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Andresen, J.J. (1996). An Origin Of The Inhibition Of Imagination. Contemp. Psychoanal., 32:307.

(1996). Contemporary Psychoanalysis, 32:307

An Origin Of The Inhibition Of Imagination

Jeffry J. Andresen, M.D.

IF YOU LISTEN WITH EYES CLOSED while I read aloud a passage of good descriptive prose, scenes will probably spring spontaneously before your inner sight. Attending to such spontaneous mental events and reporting them to another became for Freud the central activities in psychoanalytic pursuit of transforming self-discovery (Freud, 1913). But despite the great promise held by this method for enlarging the awareness of mind, some analysands, he found, could not comply with his instructions for free association.

In this article I invite you to consider that difficulties in summoning such spontaneity of mind in psychoanalysis and elsewhere are in some cases the result of specific persisting effects of the way another person is held in mind. A consequence is that attaining a capacity for imaginative spontaneity can require a parting with that person. This entails aloneness and a need to mourn. Implications of this parting can be so menacing that the parting is not allowed. Successful parting may require the presence of an attentive listener who is, unlike the one who has been held in mind, seeking to understand.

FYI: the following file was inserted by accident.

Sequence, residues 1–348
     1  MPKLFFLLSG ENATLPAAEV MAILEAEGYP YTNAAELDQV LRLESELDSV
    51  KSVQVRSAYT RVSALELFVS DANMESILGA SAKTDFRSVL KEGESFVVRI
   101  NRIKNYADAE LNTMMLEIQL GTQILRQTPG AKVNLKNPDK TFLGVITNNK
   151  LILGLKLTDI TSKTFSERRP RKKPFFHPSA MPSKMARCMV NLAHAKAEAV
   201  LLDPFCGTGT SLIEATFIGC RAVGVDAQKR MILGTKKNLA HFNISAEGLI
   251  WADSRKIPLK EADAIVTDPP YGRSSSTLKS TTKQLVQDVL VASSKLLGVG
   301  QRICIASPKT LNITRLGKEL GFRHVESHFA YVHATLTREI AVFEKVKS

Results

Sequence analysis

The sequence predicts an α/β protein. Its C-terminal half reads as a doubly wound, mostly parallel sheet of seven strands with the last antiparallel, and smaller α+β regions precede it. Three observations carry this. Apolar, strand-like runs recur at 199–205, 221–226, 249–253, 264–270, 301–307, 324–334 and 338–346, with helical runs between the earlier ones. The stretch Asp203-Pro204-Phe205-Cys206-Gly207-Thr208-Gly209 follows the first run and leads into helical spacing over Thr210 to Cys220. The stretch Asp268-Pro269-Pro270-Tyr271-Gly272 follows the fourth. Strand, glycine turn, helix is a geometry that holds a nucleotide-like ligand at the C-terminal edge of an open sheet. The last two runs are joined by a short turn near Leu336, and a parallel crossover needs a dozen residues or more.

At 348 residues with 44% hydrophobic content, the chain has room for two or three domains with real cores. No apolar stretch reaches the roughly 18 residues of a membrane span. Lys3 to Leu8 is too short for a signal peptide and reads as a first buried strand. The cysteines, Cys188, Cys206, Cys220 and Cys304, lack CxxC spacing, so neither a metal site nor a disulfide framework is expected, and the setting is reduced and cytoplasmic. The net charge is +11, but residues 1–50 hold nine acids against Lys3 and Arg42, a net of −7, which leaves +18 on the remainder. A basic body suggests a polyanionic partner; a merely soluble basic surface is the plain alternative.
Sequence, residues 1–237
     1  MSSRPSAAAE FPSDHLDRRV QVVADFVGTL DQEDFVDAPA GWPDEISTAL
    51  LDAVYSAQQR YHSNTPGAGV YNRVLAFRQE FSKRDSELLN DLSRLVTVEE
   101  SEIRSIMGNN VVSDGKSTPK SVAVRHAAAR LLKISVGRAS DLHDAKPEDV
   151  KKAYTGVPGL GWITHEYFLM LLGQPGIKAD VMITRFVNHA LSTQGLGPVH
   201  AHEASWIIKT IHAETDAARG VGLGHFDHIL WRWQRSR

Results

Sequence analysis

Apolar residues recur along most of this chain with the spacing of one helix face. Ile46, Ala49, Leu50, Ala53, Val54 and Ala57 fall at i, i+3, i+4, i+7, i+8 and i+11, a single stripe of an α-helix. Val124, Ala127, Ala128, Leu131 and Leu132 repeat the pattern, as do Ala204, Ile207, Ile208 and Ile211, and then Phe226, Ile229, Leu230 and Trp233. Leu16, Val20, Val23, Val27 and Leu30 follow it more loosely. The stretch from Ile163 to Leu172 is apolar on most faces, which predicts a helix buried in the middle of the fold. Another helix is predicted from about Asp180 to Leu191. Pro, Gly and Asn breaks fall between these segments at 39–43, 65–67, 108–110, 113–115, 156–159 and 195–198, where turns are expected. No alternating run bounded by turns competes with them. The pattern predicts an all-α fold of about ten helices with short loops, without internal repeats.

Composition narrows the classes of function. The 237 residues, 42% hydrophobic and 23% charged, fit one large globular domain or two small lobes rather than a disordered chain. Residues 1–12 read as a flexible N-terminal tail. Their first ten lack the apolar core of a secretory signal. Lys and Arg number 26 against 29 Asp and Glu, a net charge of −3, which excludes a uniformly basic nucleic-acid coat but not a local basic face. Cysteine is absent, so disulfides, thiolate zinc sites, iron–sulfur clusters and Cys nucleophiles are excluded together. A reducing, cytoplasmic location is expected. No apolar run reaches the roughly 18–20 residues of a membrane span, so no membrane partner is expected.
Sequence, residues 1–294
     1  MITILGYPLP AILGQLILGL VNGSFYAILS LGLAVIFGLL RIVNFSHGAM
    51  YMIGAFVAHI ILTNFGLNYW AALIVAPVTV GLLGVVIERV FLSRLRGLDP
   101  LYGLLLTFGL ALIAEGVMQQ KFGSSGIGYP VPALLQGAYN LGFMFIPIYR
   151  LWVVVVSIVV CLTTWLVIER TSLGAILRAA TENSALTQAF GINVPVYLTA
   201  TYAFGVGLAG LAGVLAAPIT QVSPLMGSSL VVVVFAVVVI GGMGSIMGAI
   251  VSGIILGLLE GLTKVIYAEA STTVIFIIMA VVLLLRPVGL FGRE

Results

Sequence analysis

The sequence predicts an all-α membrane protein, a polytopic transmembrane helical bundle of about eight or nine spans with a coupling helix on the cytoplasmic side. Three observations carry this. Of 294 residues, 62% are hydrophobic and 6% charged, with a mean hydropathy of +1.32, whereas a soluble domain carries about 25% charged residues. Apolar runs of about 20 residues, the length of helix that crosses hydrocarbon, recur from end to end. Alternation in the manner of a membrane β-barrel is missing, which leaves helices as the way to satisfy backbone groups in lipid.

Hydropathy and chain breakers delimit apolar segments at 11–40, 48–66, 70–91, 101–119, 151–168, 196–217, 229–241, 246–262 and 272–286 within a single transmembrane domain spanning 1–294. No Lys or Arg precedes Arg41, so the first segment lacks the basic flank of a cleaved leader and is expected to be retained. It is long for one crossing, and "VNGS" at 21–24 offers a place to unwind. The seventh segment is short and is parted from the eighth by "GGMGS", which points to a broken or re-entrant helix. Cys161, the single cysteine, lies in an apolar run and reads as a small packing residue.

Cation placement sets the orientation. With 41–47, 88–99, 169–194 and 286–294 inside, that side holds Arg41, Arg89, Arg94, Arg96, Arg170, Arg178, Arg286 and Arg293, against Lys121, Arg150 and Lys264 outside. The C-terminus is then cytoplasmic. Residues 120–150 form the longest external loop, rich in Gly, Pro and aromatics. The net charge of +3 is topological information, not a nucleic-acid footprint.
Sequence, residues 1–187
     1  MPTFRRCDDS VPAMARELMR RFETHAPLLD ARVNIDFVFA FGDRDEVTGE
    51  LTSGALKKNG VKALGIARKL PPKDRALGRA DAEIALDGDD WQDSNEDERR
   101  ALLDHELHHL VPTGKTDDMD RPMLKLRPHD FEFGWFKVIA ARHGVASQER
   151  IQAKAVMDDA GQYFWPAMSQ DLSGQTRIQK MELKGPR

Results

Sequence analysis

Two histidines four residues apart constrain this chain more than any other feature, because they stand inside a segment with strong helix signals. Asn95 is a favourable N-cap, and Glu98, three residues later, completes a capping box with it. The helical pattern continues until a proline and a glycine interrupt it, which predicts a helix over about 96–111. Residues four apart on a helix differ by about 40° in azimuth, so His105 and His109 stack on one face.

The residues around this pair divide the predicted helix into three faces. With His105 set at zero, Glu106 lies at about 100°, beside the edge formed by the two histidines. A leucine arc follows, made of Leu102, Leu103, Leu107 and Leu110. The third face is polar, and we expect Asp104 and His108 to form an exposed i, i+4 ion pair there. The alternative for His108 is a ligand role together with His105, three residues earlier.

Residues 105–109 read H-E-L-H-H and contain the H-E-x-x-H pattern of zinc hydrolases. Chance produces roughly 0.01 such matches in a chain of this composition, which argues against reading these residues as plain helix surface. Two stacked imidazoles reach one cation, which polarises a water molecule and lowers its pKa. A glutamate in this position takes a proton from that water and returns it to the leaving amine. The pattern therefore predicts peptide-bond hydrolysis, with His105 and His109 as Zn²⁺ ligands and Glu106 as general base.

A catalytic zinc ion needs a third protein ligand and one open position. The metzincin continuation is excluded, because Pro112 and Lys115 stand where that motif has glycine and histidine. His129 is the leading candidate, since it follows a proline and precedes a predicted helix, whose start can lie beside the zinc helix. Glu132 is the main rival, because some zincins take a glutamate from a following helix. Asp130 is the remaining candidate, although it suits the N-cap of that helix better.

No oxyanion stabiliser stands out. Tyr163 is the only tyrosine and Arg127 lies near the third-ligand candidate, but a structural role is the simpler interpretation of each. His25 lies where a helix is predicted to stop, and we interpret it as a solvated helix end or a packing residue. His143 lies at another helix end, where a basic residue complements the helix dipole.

There are several ways to present this view. I have chosen to trace relevant work by Freud on free association and its impediments and then offer a more complete presentation of the thesis along with observations from three representative clinical cases. I next more closely study forms of experiences in mental "twoness" as they relate to views of mind set forth principally by Bion and Winnicott, and conclude with some implications of adoption of the point of view taken in the article.

Freud, as noted, instructed psychoanalysts to invite their analysands to be uncritically receptive to spontaneous mental experiences. The patient was to be a like a train passenger, noticing and describing whatever came into sight through the window as the train moved along (Freud, 1913). The psychoanalyst, in turn, was to adopt the same state of mind (Freud, 1912). Psychoanalysis,

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Contemporary Psychoanalysis, Vol. 32, No. 2 (1996)

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